Harry Belafonte recently denounced Herman Cain as a “bad apple,” a “false Negro” and as someone who was “denied intelligence” and “denied a view of history” (whatever that means). Belafonte said these things on the Joy Behar show, as the host, Behar, snickered her approval of Belafonte’s every vocalization, often before they were decipherable.
“If you believe in justice,” said Belafonte in an interview with Cuba’s propaganda ministry years earlier, “if you believe in democracy, if you believe in people’s rights, if you believe in the harmony of all humankind—then you have no choice but to back Fidel Castro as long as it takes!”
If only Herman Cain were a lily-white Stalinist whose regime murdered more people in its first three years in power than Hitler’s murdered in its first six, jailed and tortured political prisoners at a higher rate (per capita) than Stalin’s – including the longest suffering black political prisoners in modern history. If only Herman Cain proposed policies to plunge a nation more prosperous than half of Europe into one that repels Haitians. If only he’d driven into exile—even with machine-gunners and Tiger Sharks as dutiful border guards—20 per cent of the population from a nation formerly flooded with immigrants.
Instead Herman Cain spent most of his life creating wealth and promoting freedom. He personifies the antithesis to the disaster and horror known as Castroism. This grates on Harry Belafonte.
Consider this view of history that Belafonte was denied: “The Negro is indolent and spends his money on frivolities and drink, whereas the European is forward-looking, organized and intelligent,” wrote Occupy Wall Street hero Che Guevara in his diaries. Shortly after entering Havana, Che took a break from signing death warrants and blasting apart the skulls of defenseless men and boys, exhaled, wiped his brow and gave a radio conference. A black listener asked him what the revolution planned to do for Cuba’s blacks. “We’re going to do for Cuba’s blacks exactly what they did for the Cuban revolution. By which I mean nothing!”
Nonetheless, “Viva Che!—Viva Fidel!” roared Harry Belfonte’s friend Jesse Jackson, arm in arm with Castro at the University of Havana in 1994.
Actually, Che was much too modest. “Nothing” is not an accurate description of Castroite treatment of Cuba’s blacks. Fidel and Raul Castro are sons of a European imperial soldier (Angel Castro), who butchered Cuban patriots for pay on behalf of the King of Spain. Then came the sons’ turn. First off, by media manipulation, terrorism and guile (Not guerrilla war) they overthrew a Cuban government where Cuban blacks had served as president of the senate, minister of agriculture, chief of army, and head of state (Fulgencio Batista was a grandson of slaves and was born in a palm-roofed shack in the Cuban countryside). These blacks had all served elective and appointed office in a nation 72% white, by the way.
Not that you’ll learn any of this from the liberals’ exclusive educational source on pre-Castro Cuba: the Godfather II movie, which is probably still an improvement over what the Ivy League teaches. Today the prison population in Stalinist/Apartheid Cuba is 90% black, while only 9% of the ruling Stalinist party is black. Many of Cuba’s most prominent dissidents today are black, many female. Were they opposing anyone but the Left’s favorite poster boys, the mainstream media would have made them household names long ago. Think Rigoberta Menchu and Winnie Mandela.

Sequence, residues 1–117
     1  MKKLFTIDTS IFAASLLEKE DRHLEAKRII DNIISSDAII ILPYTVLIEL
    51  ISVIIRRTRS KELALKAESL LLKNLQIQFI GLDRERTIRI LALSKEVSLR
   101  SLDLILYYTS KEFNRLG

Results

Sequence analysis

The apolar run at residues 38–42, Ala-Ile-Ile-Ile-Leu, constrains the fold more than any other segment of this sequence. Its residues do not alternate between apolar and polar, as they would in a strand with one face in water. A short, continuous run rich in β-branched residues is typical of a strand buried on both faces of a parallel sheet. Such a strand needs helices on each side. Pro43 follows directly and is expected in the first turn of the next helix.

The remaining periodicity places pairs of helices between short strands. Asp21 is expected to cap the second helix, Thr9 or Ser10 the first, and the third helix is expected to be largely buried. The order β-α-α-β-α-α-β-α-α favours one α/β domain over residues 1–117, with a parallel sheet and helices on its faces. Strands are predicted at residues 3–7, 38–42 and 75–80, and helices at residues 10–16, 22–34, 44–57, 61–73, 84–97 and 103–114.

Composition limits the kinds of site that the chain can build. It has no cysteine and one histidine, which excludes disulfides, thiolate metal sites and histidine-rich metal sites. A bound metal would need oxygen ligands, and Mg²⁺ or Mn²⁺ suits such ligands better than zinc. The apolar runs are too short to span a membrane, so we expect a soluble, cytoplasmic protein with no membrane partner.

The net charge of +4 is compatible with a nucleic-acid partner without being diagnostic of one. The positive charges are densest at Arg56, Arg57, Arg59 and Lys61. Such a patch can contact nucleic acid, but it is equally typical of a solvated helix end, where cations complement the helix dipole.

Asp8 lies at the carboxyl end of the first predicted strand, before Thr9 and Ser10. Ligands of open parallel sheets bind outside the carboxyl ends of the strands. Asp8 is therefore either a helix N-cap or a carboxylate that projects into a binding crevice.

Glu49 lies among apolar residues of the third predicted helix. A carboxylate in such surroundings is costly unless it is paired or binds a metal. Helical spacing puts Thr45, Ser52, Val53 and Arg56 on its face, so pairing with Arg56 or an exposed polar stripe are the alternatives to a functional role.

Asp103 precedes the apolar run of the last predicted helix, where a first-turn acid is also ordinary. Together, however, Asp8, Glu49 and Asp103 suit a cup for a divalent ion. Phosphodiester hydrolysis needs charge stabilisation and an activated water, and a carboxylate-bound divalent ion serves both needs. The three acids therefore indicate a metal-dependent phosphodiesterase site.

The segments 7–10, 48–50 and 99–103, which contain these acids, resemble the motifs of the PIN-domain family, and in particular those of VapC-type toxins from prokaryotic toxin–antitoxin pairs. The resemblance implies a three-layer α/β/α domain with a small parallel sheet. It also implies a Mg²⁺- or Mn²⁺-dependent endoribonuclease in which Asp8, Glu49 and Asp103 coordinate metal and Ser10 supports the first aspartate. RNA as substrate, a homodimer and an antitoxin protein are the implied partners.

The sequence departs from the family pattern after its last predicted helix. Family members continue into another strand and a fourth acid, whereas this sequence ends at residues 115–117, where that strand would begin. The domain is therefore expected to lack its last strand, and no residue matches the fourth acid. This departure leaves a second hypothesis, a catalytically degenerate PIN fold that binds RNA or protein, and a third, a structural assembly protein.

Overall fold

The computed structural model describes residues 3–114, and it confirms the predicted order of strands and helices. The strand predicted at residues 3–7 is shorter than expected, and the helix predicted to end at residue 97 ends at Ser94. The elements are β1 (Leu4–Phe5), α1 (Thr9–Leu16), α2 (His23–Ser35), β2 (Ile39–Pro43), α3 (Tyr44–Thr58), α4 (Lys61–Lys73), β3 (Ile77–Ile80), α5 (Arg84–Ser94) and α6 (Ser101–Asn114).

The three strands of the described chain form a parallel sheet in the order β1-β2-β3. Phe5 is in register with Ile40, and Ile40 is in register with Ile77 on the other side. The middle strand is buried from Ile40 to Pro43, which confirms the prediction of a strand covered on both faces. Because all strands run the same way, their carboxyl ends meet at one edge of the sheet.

In 1980, Harry Belafonte visited Cuba to collude with Castro’s KGB-founded and mentored propaganda ministry for a documentary in his honor titled, “I Look at My Life.” Within walking distance of where Belafonte posed for Castro’s cameras detailing the horrors of life for black Americans, the world’s longest-suffering black political prisoner languished in a torture-chamber.
“N**ger!” taunted his Castroite jailers between tortures. “We pulled you down from the trees and cut off your tail!” Shortly before his death in 2006, this prisoner, Eusebio Penalver, granted this writer an interview. “For months I was naked in a 6 x 4 foot cell,” Eusebio recalled. “That’s 4 feet high, so you couldn’t stand. But I felt a great freedom inside myself. I refused to commit spiritual suicide.” Eusebio Penalver suffered longer in Castro’s prisons than Nelson Mandela in apartheid South Africa’s.
On another of Belafonte’s almost annual visits to Cuba, he again posed for Castro’s propaganda ministry complaining about the stifling censorship in the U.S. “In the U.S. people don’t know the truth,” he vocalized for Castro’s press in 2002. Within walking distance of his fulminations against U.S. racism and censorship, black human rights activist Dr. Oscar Biscet was being kicked, spat upon, and burned with cigarettes in a Castroite torture chamber. A Cuban doctor, Oscar Elias Biscet had been sentenced to 25 years in Castro’s gulag for public readings of the works of Martin Luther King, Jr. and the U.N. Declaration of Human Rights.
Shortly after Belafonte’s Cuba visit in Dec. 2009, black human rights activist Orlando Zapata-Tamayo was beaten comatose by his Castroite jailers and left with a life-threatening fractured skull and Subdural Hematoma. A year later Zapata-Tamayo was dead after a lengthy hunger-strike. Samizdats smuggled out of Cuba by eye-witnesses’ report that while gleefully kicking and bludgeoning Tamayo, his Castroite jailers yelled: “Worthless N**ger!–Worthless Peasant!”
Apparently Castro’s KGB-founded and trained police regarded all of the above blacks as “bad-apples.” And surely the mainstream media kept you as informed about this half century of racist horrors 90 miles from U.S. shores as they did about Nelson Mandela’s travails, 8,000 miles from U.S. shores.